I met a “celebrity” pastor at T4G yesterday.
I can confidently report that he was normal.
In fact, he was more normal than many “normal” pastors I’ve met. He was warm, friendly, engaged in our conversation, didn’t try to get away after the initial pleasantries, and wasn’t continually looking over my shoulder for someone more interesting or important to talk to. And I have to say that most of the well-known pastors and preachers I’ve met have been similar.
The problem is often with those who surround these men. In my experience, it’s often the gatekeepers, the hangers-on, the media, PR & marketing guys, the organizers, the administrators, the “friends,” etc., that create the impression of superiority, aloofness, arrogance, and disinterest in lesser mortals.
I’ve met a good number of them too, and though there are some happy exceptions, I’m afraid that they often give their masters and “friends” a bad name. When no one else is around, they might give you the time of day, but meet them in a crowd and you’re suddenly invisible. Or if you are talking to them in a crowd, you wonder if you have a parrot on your shoulder!
Past too much like the present
Before I was converted, I’m afraid that I was a regular sampler of Glasgow’s nightlife. I used to go to clubs that were attended by the top Scottish soccer players (the equivalent of your ARod, Tom Brady, etc). Because of their large “retinues” you wouldn’t normally get near to talk to them – unless you met in the restroom. I “bumped” into quite a few of them there over the years and usually found them friendly, decent, down-to-earth, etc. Just like the few “celebrity” pastors I’ve met.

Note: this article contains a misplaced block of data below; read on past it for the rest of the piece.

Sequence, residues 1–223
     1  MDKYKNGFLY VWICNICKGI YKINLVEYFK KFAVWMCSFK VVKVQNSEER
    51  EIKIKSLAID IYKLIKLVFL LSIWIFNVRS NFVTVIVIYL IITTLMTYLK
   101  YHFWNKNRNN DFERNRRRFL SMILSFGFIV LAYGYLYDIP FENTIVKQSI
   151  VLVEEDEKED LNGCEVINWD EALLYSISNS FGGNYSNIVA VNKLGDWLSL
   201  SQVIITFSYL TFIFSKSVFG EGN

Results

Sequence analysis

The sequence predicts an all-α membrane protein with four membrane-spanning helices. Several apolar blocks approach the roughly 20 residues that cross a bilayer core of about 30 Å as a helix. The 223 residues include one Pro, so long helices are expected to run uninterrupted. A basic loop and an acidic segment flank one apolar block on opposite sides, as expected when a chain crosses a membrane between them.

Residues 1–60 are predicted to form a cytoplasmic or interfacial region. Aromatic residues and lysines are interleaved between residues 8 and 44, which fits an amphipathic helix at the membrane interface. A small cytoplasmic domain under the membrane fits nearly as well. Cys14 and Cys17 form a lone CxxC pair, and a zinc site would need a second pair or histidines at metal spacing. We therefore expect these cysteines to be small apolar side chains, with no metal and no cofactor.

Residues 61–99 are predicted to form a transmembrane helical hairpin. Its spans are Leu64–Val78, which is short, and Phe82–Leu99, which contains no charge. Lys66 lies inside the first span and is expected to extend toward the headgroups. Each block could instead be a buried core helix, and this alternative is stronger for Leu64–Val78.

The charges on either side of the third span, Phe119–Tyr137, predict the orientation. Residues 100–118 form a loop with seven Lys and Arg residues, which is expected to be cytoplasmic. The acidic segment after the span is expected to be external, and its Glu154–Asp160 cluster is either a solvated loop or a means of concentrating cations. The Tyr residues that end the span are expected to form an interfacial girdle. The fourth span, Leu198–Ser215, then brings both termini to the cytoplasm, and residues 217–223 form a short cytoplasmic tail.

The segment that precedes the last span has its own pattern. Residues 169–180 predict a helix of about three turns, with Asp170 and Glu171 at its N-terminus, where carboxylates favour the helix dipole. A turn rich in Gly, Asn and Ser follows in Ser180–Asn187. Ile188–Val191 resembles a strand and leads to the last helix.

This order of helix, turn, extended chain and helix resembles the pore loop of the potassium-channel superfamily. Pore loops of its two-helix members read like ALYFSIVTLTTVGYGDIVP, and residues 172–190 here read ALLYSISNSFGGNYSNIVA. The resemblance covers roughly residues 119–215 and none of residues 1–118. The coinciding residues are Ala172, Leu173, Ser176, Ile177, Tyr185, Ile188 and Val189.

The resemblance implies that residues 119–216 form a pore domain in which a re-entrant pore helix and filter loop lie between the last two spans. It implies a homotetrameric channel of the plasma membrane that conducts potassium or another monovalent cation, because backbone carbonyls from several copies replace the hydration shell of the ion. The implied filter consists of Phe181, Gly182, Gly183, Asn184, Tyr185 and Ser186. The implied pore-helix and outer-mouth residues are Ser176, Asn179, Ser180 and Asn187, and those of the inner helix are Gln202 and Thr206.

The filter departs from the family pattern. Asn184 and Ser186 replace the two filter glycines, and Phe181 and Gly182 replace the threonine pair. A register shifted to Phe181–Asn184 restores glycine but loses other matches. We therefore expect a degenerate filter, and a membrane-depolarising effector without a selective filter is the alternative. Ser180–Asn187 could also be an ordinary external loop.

But again, it was their retinue, the guys basking in reflected glory, the entourage, the guys that probably could hardly kick a ball, that by their attitudes and actions usually caused the public perception of these “stars” arrogance and superiority.
So, to the celebrity pastors, I would say, you may be the humblest, godliest, and most decent pastor in the world; but if you have bumptious, pretentious, person-respecting staff and (mis)representatives, don’t be surprised if people who don’t know you think that you are just like them. I would prescribe them a daily dose of James 2v1-4 and maybe some regular time at Calvary.
To the entourage, the “friends,” I would say, go pastor a church yourself for a few years (rather than by proxy), and you might then stop to talk to some “ordinary” pastors at the next T4G.
The Word of God reveals the human heart. So do large conferences.